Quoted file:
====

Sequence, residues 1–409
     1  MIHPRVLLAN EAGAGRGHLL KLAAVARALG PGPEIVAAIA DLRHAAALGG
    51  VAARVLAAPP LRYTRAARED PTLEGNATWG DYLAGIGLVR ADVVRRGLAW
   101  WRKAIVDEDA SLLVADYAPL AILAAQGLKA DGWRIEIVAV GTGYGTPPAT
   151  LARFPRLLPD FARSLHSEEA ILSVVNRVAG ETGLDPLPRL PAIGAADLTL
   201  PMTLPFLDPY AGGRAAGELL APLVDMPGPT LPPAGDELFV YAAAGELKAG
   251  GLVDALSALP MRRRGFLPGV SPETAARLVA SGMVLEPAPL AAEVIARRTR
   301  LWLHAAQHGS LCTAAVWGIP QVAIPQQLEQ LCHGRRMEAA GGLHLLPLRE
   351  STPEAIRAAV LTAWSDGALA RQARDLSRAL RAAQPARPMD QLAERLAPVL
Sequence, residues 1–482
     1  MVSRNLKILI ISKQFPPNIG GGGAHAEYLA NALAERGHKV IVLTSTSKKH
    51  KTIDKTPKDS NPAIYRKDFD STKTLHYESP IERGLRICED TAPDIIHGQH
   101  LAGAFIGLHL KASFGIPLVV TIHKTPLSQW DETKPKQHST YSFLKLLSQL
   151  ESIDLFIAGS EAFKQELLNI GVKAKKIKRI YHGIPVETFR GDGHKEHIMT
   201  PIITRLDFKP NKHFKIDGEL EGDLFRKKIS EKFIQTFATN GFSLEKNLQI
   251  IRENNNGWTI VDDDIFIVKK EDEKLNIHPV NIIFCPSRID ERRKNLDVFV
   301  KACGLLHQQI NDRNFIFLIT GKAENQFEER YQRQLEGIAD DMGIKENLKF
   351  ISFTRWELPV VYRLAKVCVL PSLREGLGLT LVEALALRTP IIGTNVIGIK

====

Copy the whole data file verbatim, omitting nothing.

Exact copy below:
Sequence, residues 1–409
     1  MIHPRVLLAN EAGAGRGHLL KLAAVARALG PGPEIVAAIA DLRHAAALGG
    51  VAARVLAAPP LRYTRAARED PTLEGNATWG DYLAGIGLVR ADVVRRGLAW
   101  WRKAIVDEDA SLLVADYAPL AILAAQGLKA DGWRIEIVAV GTGYGTPPAT
   151  LARFPRLLPD FARSLHSEEA ILSVVNRVAG ETGLDPLPRL PAIGAADLTL
   201  PMTLPFLDPY AGGRAAGELL APLVDMPGPT LPPAGDELFV YAAAGELKAG
   251  GLVDALSALP MRRRGFLPGV SPETAARLVA SGMVLEPAPL AAEVIARRTR
   301  LWLHAAQHGS LCTAAVWGIP QVAIPQQLEQ LCHGRRMEAA GGLHLLPLRE
   351  STPEAIRAAV LTAWSDGALA RQARDLSRAL RAAQPARPMD QLAERLAPVL
Sequence, residues 1–482
     1  MVSRNLKILI ISKQFPPNIG GGGAHAEYLA NALAERGHKV IVLTSTSKKH
    51  KTIDKTPKDS NPAIYRKDFD STKTLHYESP IERGLRICED TAPDIIHGQH
   101  LAGAFIGLHL KASFGIPLVV TIHKTPLSQW DETKPKQHST YSFLKLLSQL
   151  ESIDLFIAGS EAFKQELLNI GVKAKKIKRI YHGIPVETFR GDGHKEHIMT
   201  PIITRLDFKP NKHFKIDGEL EGDLFRKKIS EKFIQTFATN GFSLEKNLQI
   251  IRENNNGWTI VDDDIFIVKK EDEKLNIHPV NIIFCPSRID ERRKNLDVFV
   301  KACGLLHQQI NDRNFIFLIT GKAENQFEER YQRQLEGIAD DMGIKENLKF
   351  ISFTRWELPV VYRLAKVCVL PSLREGLGLT LVEALALRTP IIGTNVIGIK